1. (1)

    The “beneficiaries’ interests” channel which suggests that state pension funds tilt their portfolios more strongly towards companies with superior CSR performance if such environmental and social considerations are in line with the interests of their beneficiaries;

     
  2. (2)

    The “political pressures” channel according to which state politicians exert pressures on state pension funds to tilt their portfolios towards companies that show superior CSR performance in order to serve their own political agenda; and.

     
  3. (3)

    The “pure financial motives” channel which implies that funds tilt their portfolios towards CSR companies to boost their financial performance, irrespective of beneficiaries’ non-financial interests or political pressures.

     

Looking at the public equity holdings of 31 US state pension plans over the period 1997 to 2013, our empirical findings are most consistent with the “beneficiaries’ interests” channel. First, our analysis of funds’ portfolio weights suggests that funds whose beneficiaries show stronger concerns for firms’ CSR performance as measured by state’s political leaning hold larger portfolio weights in companies with higher CSR scores, compared to funds whose state’s political leaning does not indicate a strong interest in environmental and social concerns. We further document that the effect of the political values of funds’ beneficiaries on their tendency to overweight companies with good CSR credentials dominates the effect of potential political pressures by state politicians. Finally, we provide evidence that funds which tilt their portfolios towards companies with stronger CSR generate a higher return than their counterparts, though the statistical significance of this performance effect is weak, suggesting that it is not the main driver of funds’ investment choices.

Overall, our findings indicate that US public pension funds consider financial objectives and moral values of their beneficiaries when deciding whether to incorporate CSR into their investment choices. In this way, our results are in line with previous research by Hong and Kostovetsky (2012), Di Giuli and Kostovetsky (2014) and Riedl and Smeets (2017) which suggests an attitude-driven rather than a purely financially motivated preference for CSR by investors. However, in contrast to these authors, we find that US state pension funds account for beneficiaries’ environmental and social concerns without sacrificing financial return. As such our findings correspond to survey-based evidence presented in Sievaenen et al. (2017, p. 912) who report that European pension funds with responsible investment strategies pay attention to both the CSR focus and the financial focus of their investments and in this way “can bring balance between finance and responsibility”. Our conclusions are also consistent with Cox and Wicks’ (Cox and Wicks 2011, p. 160) positive interpretation of the adoption of responsible investment strategies by institutional investors as “representative of a shift in collective conceptualisations of the role, place, and nature of morality in the market.”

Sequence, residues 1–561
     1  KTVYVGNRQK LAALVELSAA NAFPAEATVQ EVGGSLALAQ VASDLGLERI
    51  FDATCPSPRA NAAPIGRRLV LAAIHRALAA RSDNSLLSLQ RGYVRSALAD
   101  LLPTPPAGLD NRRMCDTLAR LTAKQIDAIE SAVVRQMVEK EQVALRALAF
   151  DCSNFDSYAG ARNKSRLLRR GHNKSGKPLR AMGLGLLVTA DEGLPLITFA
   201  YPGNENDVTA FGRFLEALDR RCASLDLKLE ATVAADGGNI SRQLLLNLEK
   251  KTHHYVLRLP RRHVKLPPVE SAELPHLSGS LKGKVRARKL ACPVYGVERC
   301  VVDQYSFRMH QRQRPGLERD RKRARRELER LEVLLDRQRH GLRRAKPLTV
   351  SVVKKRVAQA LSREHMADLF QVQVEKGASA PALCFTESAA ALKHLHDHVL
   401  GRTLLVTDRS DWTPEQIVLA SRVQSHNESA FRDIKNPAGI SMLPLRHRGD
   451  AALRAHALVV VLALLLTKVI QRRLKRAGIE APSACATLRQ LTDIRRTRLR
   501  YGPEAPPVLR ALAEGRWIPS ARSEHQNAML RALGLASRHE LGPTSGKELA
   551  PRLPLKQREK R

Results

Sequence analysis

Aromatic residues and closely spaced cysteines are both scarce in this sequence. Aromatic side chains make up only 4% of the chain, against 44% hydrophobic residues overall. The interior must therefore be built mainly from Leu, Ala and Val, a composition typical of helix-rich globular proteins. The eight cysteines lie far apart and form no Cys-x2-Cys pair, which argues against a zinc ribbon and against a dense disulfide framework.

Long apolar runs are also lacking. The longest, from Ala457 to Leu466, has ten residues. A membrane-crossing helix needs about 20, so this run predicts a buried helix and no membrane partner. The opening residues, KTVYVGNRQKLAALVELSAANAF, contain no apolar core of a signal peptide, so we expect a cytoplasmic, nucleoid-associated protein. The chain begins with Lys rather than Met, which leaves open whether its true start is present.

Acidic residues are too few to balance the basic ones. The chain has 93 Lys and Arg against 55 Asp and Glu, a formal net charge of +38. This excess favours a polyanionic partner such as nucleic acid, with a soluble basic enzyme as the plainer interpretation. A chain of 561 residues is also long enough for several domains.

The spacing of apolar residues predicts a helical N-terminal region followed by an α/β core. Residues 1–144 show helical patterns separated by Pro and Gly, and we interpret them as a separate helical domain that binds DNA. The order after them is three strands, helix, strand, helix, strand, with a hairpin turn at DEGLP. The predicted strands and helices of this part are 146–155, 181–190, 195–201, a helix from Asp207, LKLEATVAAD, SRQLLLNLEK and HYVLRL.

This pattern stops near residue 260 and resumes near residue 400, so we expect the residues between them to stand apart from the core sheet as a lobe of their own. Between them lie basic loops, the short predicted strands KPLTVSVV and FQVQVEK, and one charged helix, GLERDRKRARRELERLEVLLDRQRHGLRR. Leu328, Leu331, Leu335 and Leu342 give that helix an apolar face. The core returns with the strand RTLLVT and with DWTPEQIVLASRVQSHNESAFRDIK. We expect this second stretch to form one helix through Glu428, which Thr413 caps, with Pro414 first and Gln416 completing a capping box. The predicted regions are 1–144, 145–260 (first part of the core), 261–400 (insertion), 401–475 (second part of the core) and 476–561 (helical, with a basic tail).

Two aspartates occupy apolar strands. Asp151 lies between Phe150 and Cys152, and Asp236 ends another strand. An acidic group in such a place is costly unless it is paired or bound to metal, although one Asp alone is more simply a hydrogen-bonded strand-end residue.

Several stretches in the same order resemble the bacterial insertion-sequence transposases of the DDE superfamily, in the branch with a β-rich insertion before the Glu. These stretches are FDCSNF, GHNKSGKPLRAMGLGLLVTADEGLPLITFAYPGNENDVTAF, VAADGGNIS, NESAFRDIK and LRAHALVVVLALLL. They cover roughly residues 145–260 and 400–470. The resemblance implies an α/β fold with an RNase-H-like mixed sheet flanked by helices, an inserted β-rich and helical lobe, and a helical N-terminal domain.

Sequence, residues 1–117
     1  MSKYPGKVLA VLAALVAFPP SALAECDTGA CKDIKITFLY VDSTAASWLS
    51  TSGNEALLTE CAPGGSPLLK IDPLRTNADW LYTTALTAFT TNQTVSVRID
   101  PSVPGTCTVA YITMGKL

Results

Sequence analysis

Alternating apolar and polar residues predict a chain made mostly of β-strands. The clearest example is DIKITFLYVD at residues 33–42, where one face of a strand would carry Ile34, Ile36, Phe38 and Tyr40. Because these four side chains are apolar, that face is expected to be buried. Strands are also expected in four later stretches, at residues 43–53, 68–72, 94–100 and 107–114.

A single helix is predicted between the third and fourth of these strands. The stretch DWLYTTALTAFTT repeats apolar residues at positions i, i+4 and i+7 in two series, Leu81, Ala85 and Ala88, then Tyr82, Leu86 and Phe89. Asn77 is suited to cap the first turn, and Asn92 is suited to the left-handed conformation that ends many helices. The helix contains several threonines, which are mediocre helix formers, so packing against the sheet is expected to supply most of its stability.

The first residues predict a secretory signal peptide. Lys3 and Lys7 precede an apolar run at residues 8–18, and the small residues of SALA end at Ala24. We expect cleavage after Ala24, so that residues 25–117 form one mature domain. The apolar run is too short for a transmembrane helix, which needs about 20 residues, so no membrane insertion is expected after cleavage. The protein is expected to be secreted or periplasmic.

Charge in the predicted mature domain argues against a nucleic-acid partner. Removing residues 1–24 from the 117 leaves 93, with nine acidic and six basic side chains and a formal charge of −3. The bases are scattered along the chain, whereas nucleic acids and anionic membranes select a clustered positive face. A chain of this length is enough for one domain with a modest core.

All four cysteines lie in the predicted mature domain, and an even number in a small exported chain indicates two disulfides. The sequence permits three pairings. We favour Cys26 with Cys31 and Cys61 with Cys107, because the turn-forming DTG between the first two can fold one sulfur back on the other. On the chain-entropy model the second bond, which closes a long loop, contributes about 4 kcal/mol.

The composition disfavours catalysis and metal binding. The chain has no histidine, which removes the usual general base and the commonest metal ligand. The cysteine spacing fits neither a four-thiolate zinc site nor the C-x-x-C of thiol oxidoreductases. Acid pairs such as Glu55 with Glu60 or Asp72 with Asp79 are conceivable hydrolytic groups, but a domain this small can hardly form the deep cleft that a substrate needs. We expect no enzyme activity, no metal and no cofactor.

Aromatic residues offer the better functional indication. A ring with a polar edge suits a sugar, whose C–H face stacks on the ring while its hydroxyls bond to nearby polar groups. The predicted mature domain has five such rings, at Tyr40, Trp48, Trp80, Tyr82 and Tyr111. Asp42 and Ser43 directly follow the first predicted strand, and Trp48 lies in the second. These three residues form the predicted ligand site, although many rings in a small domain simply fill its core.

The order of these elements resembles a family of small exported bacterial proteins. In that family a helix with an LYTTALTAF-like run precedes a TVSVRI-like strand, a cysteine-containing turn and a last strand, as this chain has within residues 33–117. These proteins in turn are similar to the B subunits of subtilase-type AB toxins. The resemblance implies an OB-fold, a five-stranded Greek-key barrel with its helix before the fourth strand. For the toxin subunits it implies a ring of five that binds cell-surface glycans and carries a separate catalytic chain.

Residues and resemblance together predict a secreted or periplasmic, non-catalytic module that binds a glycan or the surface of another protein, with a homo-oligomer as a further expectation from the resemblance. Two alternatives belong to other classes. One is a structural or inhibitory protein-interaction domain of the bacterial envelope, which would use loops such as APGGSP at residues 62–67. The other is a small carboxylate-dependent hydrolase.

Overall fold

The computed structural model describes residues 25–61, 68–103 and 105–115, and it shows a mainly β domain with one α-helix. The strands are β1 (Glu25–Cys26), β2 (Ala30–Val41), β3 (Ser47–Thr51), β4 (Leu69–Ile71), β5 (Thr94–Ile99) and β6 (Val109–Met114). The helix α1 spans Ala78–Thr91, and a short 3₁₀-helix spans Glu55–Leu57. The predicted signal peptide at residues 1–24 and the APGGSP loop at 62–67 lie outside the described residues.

In addition, our study provides an antidote to a recent study which concluded that public pension funds engage in investment activities that serve the political agendas of state politicians but are detrimental to beneficiaries’ interests and neglect their fiduciary duty (Wang and Mao 2015). In contrast, we show that fiduciary duty concerns are the main driver of funds’ investment choices regarding CSR and that public pension funds have adopted a more holistic consideration of beneficiaries’ interests that spans beyond pure financial objectives and extends to the impact of investments on the physical and social environment.

As such, our findings have important implications for the debate on the compatibility of CSR considerations with investors’ fiduciary duty (e.g. Rounds 2005; Freshfields Bruckhaus Deringer 2005; Sethi 2005; Richardson 2007, 2011; Sandberg 2011; Hawley et al. 2014). Our study lends support to claims that a pure financial interpretation of funds’ fiduciary duty might run the risk of discounting the wider interests of funds’ beneficiaries (e.g. Richardson 2011; Lydenberg 2012), and that a more holistic interpretation of fiduciary duty is called for, enabling funds to incorporate their beneficiaries’ non-financial interests as long as these are not detrimental to fund performance. For instance, Jansson et al. (2014) surveyed more than 1000 future beneficiaries of the Swedish pension system and found that they prefer an extended interpretation of fiduciary duty that incorporates social, ethical and environmental concerns in investments over a traditional, pure financial focus. Our study provides empirical evidence of one channel, namely via positive CSR screening, how such social, ethical and environmental concerns of beneficiaries are incorporated by US public pension funds.